The Shokz OpenFit is a move away from its bone-conducting headphones, providing a richer, fuller and bassier sound…

Shokz OpenFit

$197.95 / £179, amazon.co.uk

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Pros:

  • Better sound than classic bone conductors 
  • Good for awareness at lower volumes 
  • Versatile enough for running and general use 

Cons:

  • Sound leaks at higher volumes  
  • Ear hooks move around 

Sound: 4
Fit: 3.5
Battery life: 3.5
Overall: 4

Shokz is known for creating some of the best bone conduction running headphones in the business. The Shokz OpenRun Pro and OpenMove leave your ears open, so you stay safely connected to the world. There are trade-offs, though. For a start, the sound isn’t great (and that’s a big trade-off). Plus the banded design doesn’t quite cross over into everyday use when you’re not running. That’s where the new OpenFit comes in.  

Shokz OpenFit features

The Shokz OpenFit aims to offer the best of both worlds with the same open-ear benefits but richer, fuller and bassier sound and more versatile design. To improve the sound, they use what Shokz calls DirectPitch technology. Small ‘speakers’ fire reverse sound waves into your ear canal to deliver audio that’s much closer to the quality of in-ear buds.  

In reality it’s like having little speakers sitting outside your ears and what you get is markedly better quality sound compared to the classic bone conductors. It’s louder, fuller and richer but it still lacks a bit of balance and isn’t as punchy or nuanced as the best classic in-ear running headphones.  

There’s in-app EQ customisation so you can tweak the sound performance to suit your tastes and I like that you can save sound profiles for different situations, e.g. noisy gym floor or your park run. However, boosting the bass seems to rinse the battery fast. And ironically, when you whack the Shokz OpenFit up full, they’re almost too loud to make the most of that awareness. They also get a bit leaky at higher volumes.   

Product shot of Shokz sports headphones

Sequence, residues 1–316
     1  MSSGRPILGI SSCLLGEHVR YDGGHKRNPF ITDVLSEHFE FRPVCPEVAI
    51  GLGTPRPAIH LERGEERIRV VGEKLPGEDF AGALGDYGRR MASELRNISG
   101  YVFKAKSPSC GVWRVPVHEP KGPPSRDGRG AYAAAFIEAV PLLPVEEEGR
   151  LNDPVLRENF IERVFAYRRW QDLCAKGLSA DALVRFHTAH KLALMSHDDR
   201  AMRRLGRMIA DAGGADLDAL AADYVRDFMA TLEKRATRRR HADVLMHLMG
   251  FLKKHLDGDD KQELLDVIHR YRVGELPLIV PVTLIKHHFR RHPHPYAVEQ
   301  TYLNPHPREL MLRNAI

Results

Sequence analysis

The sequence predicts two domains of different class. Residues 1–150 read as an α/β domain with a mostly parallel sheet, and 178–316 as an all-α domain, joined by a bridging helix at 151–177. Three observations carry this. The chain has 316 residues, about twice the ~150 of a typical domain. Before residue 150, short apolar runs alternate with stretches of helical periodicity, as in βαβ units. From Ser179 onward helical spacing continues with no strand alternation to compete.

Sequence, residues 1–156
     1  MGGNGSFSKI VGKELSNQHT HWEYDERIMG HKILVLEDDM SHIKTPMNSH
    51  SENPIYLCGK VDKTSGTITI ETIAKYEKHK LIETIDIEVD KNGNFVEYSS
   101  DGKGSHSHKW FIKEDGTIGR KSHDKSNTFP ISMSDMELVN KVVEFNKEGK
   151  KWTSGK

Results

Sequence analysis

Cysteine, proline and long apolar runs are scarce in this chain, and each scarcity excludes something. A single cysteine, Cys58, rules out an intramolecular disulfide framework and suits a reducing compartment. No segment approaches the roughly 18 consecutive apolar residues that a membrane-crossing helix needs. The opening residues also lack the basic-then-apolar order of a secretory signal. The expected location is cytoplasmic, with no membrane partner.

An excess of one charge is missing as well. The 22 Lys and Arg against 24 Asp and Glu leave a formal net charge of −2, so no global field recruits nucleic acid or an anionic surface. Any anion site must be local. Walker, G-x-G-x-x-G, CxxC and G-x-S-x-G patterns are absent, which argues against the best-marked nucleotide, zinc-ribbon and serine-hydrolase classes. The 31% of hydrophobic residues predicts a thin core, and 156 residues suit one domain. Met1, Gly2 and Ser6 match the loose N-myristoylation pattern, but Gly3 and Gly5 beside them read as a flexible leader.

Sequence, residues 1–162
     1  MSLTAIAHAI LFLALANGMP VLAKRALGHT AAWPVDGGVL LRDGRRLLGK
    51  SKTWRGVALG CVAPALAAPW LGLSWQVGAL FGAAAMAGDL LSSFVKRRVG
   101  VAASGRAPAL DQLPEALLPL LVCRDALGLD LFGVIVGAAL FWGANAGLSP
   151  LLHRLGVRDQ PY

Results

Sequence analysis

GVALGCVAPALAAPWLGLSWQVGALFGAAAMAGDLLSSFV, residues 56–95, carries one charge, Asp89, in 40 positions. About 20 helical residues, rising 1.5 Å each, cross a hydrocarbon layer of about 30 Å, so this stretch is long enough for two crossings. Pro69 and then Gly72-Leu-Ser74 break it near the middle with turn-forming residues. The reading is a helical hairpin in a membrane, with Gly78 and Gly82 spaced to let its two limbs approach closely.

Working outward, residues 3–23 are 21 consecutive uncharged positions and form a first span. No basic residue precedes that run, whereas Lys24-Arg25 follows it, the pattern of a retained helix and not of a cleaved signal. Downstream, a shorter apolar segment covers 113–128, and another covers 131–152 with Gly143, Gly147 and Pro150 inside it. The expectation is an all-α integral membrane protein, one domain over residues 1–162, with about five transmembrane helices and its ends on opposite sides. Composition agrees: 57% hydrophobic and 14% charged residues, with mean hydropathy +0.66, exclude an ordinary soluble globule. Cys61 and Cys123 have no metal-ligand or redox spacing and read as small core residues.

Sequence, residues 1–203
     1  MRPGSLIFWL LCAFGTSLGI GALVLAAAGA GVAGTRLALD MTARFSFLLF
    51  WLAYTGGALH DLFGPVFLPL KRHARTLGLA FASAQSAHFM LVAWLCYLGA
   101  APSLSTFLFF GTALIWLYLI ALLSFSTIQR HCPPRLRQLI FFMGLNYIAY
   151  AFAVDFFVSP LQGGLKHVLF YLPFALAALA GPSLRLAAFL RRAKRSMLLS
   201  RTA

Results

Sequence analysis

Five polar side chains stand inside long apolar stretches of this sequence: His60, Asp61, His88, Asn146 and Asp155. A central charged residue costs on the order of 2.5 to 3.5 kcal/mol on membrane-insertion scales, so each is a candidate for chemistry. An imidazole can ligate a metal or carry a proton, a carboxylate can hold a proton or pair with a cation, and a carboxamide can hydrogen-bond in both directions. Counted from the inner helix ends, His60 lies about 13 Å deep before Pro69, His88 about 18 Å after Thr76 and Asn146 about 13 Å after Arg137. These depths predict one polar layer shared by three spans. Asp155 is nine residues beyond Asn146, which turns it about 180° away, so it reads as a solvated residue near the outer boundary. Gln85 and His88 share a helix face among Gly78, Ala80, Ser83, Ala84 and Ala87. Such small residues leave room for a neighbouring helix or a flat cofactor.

At 8.3g the ear-hook buds are light enough and the soft silicone coating is remarkably soft and strangely satisfying. The versatile ear-hook design suits commuting and office use much better than banded bone conductors. But if you’re used to classic in-ear buds, the fit takes a little getting used to. They don’t feel entirely secure once you get moving.  

For general road running on the flat, the fit was OK. At slower paces, I eventually forgot I was wearing them. But for steep descents, fast downhills and all-out intervals, they didn’t stay put that well and I had to adjust them often. So despite the ear-hook design, they wouldn’t be my first choice for the trails.  

Shokz OpenFit battery

Shokz claims the headphones have a run time of 7 hours, with 21 hours in the case – for a total of 28 hours. That’s a chunk less than similarly-priced in-ear rivals like the Jabra Elite 8 Active. 

In my tests I found that 90 minutes of running burned 40% of the battery in normal audio mode. That was with the volume cranked up high but it’s still significantly below the claimed battery life. I’d estimate you’ll get around 5 hours on a single charge. Perhaps a little too close to the average runner’s marathon time for comfort, unless you carry the case.  

The charging case is nice and light and, although the square soap-bar design isn’t as compact as some, it’s relatively thin and easy enough to stick in a running belt or pocket. It’s a shame it’s not IP-rated though. That’s always a concern when you’re using headphones for long adventures with the threat of rain.  

Speaking of durability, the buds are IP54 rated, so they’re moderately protected against dust and water splashes. That’s not as resilient as most other Shokz options or many of the regular in-ear buds at this price.  

The controls are easy to use and there’s some simple customisation of controls in the Shokz app. On the downside, I had some issues with connectivity; the OpenFit kept disconnecting from the app and I often had to clear it all and start from scratch.  

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